It is a fixture of late summer in Vail. The third and fourth weekends in August, over 3000 people converge on the original Battle Mountain HIgh School in Minturn’s Maloit Park, which the the Eagle Valley Rummage Sale occupies courtesy of the Eagle School District. Eager patrons start lining up at 5 a.m. to get first pick of the merchandise which fills 14 rooms as well as outside tents. The sale’s scope is tremendous, and there is almost nothing you can’t buy. Locals come to outfit their children for the coming school year and load up on books for winter reading. The “new room” contains donated clothing which is brand new, and the toy room is a child’s cornucopia of delights. Looking for housewares, sporting equipment, a computer or sound system, a crib or a stroller? This is the place for you. The clothing selection is so extensive that there is even a room dedicated to denim, and of course ski gear abounds. Under the tents, one can find bikes, furniture and other large items. The categories are too numerous to name.
Needless to say, an event like this does not materialize overnight. Volunteers have been working day in and day out since the middle of May. They are a true cross-section of the community for whom no task is too humble. They range from members of the Eagle Valley Humane Society, which is responsible for the book room and ski clothing, to the Eagle Seniors’ Center which has taken ownership of the linen room and the handicrafts. As well, members of Boy Scout Troup 231 participate in manning the shoe room and provide and sell lunch on both sale weekends. And, Vail Mountain Rescue is out in force taking charge of the parking lot. Altogether, it takes 14,000 volunteer hours to put on this remarkable show of community solidarity.
Once the sale is over, whatever is left is boxed up and picked up by the Salvation Army of Denver. The event raises approximately $180,000 to support over 70 Eagle Valley nonprofits. Volunteers from each group work on the sale, and the profits are distributed to their organizations at the rate of seven dollars per volunteer hour. Heading the list in 2016 were the Humane Society, Eagle Seniors and Vail Mountain Rescue. Other groups run the gamut from the Veterans of Foreign Wars to Eagle Valley High School and Berry Creek Middle School. In this valley, no one is too old or too young to volunteer, and no community group is too small to have an impact.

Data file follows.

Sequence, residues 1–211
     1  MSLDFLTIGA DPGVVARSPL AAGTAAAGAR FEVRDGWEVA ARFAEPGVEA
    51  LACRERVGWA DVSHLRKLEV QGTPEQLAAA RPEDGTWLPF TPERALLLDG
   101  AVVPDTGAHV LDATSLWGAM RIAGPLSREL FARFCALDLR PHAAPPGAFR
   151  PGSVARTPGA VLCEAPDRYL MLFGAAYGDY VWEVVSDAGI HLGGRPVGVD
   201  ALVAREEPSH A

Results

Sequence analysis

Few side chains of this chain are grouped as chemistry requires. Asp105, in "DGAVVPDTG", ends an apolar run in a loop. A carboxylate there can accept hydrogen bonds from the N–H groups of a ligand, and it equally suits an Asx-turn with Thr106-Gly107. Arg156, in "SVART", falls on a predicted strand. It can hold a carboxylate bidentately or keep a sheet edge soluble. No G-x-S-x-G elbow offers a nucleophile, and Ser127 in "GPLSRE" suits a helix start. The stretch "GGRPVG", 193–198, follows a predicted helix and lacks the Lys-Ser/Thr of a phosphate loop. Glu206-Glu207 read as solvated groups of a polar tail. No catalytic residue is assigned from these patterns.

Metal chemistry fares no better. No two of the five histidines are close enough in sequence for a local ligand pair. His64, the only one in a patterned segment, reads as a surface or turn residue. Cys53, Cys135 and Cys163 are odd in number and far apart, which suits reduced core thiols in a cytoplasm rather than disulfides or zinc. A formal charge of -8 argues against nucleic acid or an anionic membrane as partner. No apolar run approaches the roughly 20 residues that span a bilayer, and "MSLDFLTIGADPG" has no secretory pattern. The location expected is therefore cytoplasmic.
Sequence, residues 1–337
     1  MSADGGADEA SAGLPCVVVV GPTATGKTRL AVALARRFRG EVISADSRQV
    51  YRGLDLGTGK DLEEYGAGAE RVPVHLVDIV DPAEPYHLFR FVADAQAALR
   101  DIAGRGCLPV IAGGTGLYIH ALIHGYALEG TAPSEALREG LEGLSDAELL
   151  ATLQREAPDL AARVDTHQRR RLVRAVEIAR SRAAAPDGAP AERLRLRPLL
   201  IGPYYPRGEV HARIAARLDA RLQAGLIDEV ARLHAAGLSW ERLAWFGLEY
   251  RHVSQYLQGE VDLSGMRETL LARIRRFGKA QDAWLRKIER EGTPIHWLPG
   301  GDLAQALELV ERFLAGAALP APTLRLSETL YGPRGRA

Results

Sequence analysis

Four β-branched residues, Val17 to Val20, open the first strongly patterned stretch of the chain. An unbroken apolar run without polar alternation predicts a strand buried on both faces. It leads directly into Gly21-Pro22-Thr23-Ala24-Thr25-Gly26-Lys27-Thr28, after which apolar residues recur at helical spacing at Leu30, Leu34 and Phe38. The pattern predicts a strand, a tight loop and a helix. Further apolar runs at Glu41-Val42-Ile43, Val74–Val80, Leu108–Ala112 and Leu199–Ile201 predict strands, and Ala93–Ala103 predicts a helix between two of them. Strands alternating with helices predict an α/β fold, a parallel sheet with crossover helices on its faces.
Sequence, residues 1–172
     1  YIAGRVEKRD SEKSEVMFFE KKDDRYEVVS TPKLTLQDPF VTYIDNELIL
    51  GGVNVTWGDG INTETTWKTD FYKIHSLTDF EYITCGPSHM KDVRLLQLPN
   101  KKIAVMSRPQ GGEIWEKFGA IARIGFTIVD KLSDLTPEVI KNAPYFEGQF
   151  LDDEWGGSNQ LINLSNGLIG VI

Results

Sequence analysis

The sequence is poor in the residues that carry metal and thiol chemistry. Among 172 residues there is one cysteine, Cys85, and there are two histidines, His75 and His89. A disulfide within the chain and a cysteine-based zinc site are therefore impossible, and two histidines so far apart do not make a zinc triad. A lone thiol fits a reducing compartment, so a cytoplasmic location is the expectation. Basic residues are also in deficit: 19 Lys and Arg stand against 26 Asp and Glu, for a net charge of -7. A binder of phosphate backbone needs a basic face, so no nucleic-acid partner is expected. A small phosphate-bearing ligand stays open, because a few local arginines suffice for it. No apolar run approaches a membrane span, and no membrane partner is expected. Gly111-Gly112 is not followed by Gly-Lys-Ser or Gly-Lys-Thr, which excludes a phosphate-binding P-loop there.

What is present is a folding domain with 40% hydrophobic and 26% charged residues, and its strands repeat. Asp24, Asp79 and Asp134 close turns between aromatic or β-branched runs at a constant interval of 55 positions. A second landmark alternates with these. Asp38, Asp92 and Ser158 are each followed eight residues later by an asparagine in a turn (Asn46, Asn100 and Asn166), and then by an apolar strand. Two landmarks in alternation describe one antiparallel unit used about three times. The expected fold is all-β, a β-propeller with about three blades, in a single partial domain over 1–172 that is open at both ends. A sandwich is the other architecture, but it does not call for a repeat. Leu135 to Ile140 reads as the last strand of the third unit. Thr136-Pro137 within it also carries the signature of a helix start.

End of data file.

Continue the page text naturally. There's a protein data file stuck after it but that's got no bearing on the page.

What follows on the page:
When and how did this remarkable endeavor start? Like so many things in Vail, it began in the 1960s when the town was barely a dot on the map. It was spearheaded by early valley residents with big hearts and unlimited energy who were determined to build a community. The idea for a rummage sale was born of the necessity to raise funds for the two teachers who staffed the town’s original school. Back then, the sale was run by parents. In the early 1970s it became the purview of the newly formed Eagle Valley Community Fund. In 1974, Vi Brown was elected the fund’s president and Nancy Nottingham its vice president. Vi and her husband Byron were the sale’s guiding lights for more than 50 years. Byron crisscrossed the increasingly populous and spread-out community in his truck, picking up bulky items. People who wanted to drop off donations were encouraged to place them on the Browns’ porch in West Vail. The organization functioned so amicably and smoothly that they did not hold another election until 2016, when Vi stepped down and was succeeded by whom else, but Nancy!
You have probably heard the name Nottingham before, think Nottingham Lake in Avon. Nancy married into one of the valley’s original ranching families, having met her husband Mauri at the University of Colorado. In 1968 they moved back to Vail, and plunged into the ski industry, building and running the Talisman Lodge. Then, for many years, Nancy managed the resort’s children’s programs. She also founded the ski area’s employee childcare center. In 2016, she and Mauri were honored with the Vail Valley Foundation’s Volunteer of the Year Award. Nancy brims with enthusiasm for all things Vail and relishes her busy schedule of community pursuits, but she emphasizes the need for a new generation of volunteer leaders. Even the best held baton must eventually be passed. For the moment, however, the rummage sale remains in her most capable hands, and she is its remarkable cheerleader in chief